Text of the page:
Investment Strategies

BREAKFAST BRIEFING: Investment Rulebook Torn Up After 2008 Crisis; What Is "New Normal?"

Tom Burroughes Group Editor London 29 May 2013


Investment rules of thumb about supposedly safe asset
classes have been thrown into the air in the aftermath of the 2008 financial
crisis, while emerging market assets are often seen as less risky than their more
established counterparts, a conference in London
heard recently.

But while some of the gloom stemming from the jarring events
of five years ago has not fully dissipated – as demonstrated by continued
worries about the eurozone’s fiscal problems – the picture is far from bleak,
delegates, attending the Breakfast Briefing entitled The “New Normal” Vs The “Old
Normal”, were told. The event was organised by ClearView Financial Media,
publisher of this website, in association with the World Gold Council.

Among the key issues facing investors and their advisors,
delegates heard, is exactly how, or when, central banks such as the US Federal
Reserve decide to reduce the expansion of the money supply, otherwise known as
quantitative easing, if economic signs suggest a sustained recovery is under way.

Willem Sels, head of investment strategy and chair of the
investment committee of HSBC Private Bank (UK), said the outlook for the world
economy is “just about strong enough” to be constructive for global equity
markets. “We don’t want the economy to be too strong because monetary policy
will be then less supportive,” he said.

As for bonds, clients want some “cash-plus” exposure, and
are holding short-dated paper. “We like credit risk but don’t want duration
risk,” Sels said, noting that many of the effects of QE are now priced into
bond yields. On balance, he said, QE is now more supportive to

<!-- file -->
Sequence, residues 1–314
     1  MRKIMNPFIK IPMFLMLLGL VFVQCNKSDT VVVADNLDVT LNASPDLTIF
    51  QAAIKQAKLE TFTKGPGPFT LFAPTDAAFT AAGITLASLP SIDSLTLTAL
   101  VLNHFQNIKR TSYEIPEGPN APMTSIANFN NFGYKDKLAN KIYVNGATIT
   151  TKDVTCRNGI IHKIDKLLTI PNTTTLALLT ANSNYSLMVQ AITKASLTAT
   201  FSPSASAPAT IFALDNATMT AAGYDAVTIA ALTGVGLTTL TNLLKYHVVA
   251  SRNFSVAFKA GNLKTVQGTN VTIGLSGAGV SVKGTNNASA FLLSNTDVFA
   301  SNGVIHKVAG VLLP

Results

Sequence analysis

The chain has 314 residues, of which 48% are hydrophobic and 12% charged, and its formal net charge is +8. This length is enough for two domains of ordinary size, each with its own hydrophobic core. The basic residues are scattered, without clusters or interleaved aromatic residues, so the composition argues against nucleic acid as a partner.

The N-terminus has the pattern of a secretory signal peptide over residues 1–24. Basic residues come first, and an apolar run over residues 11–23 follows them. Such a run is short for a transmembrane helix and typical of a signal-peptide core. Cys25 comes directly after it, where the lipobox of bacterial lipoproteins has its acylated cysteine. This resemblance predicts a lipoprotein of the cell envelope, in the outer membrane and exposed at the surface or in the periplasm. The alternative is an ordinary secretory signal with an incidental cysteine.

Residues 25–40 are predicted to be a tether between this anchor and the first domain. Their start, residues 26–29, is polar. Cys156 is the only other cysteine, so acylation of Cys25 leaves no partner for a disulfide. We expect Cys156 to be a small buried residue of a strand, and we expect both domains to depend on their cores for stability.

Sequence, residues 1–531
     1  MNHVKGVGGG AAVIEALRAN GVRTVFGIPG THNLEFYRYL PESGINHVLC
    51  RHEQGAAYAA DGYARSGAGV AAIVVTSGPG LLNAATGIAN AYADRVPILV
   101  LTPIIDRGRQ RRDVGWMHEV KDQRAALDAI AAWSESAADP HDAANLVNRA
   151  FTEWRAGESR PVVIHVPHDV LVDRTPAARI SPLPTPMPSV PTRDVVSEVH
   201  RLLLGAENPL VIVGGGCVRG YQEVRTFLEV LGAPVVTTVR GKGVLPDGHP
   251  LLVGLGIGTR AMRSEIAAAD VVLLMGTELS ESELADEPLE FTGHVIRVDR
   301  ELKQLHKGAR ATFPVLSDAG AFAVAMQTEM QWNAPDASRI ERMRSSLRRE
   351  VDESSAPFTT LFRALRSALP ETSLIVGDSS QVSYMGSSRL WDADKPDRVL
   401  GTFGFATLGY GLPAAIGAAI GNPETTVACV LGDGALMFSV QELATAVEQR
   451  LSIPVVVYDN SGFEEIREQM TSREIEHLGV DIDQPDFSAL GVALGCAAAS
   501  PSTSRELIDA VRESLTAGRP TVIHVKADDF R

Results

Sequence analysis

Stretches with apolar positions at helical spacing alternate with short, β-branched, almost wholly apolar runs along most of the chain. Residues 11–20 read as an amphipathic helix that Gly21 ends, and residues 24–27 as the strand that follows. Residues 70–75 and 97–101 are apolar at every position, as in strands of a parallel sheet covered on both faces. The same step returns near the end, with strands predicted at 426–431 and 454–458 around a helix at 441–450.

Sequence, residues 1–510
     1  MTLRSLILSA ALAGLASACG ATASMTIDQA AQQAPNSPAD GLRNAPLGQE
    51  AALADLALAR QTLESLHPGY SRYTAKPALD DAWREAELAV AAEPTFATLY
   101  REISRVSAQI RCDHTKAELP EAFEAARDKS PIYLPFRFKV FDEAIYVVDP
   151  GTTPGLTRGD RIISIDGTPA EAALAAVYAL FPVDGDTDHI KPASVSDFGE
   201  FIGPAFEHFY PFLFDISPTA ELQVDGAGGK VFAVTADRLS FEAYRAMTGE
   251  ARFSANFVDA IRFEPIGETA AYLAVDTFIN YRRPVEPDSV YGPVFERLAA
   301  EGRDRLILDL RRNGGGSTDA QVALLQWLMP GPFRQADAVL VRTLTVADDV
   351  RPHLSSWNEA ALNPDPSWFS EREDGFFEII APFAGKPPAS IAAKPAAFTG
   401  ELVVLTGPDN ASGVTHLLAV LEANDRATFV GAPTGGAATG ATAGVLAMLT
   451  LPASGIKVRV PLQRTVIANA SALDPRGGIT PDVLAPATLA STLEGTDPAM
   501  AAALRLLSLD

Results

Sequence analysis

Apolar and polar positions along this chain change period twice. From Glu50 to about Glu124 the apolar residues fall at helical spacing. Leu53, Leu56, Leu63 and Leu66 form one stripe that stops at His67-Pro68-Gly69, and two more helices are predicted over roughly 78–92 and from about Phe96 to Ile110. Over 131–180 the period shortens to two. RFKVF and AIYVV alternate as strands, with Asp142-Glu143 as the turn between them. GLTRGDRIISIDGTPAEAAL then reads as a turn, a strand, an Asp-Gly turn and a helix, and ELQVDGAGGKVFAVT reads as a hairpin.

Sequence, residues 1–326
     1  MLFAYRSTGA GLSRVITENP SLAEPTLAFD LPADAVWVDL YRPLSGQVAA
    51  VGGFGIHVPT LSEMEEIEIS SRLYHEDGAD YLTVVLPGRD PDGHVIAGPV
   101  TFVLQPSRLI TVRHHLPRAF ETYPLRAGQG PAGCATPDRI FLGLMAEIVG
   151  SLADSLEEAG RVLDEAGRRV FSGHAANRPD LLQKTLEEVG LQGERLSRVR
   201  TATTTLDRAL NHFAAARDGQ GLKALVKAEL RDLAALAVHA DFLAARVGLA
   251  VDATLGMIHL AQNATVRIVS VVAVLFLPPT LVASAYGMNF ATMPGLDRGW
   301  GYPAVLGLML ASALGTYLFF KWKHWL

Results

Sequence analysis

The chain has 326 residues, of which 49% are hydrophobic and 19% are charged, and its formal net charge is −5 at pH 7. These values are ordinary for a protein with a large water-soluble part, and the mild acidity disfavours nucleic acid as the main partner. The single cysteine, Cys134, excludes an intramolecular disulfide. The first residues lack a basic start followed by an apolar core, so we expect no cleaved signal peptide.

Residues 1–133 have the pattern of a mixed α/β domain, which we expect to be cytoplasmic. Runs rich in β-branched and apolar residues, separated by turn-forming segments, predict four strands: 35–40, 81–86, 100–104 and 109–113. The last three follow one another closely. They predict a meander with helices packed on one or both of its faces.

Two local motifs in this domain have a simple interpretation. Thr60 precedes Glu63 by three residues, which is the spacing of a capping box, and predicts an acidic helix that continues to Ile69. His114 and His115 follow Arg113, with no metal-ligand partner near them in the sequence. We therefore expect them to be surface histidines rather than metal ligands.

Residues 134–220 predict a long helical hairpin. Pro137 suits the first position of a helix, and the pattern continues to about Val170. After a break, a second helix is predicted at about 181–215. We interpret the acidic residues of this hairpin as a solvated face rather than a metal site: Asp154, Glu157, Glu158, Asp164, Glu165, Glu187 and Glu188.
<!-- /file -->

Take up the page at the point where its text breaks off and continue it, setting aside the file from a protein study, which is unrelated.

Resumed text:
equities than bonds.

Sels pointed out that one issue for clients at home in the UK is the
seemingly incongruous mix of a strong stock market and a relatively sluggish
economy. “The main question from clients is why the equity market is rallying
when the UK
economy is not doing very well,” he said.

In the US,
however, the picture was less ambiguous, despite some continuing concerns, he
said. “The US
economy now has a lot of positive forces behind it,” he said, citing
developments such as shale gas exploitation, and the drastic actions taken to
recapitalise and support many banks, among others. The plight of the US economy is
crucial as the value of the country’s stock market accounts for half of the
total market capital of the world’s stock markets.

There have been some small improvements in the eurozone and
some capital flight from the single currency bloc has slowed or even stopped,
Sels said.

There are risks in the short term to emerging markets, Sels
said, although “the longer term remains quite constructive. There are
questions about how China
is going to rebalance its model”.

“We believe that you need alternative assets to diversify
your portfolio,” he said, referring to hedge funds, private equity and
property, among others. “You don’t want to go too far up the risk spectrum to
get yield,” he added.

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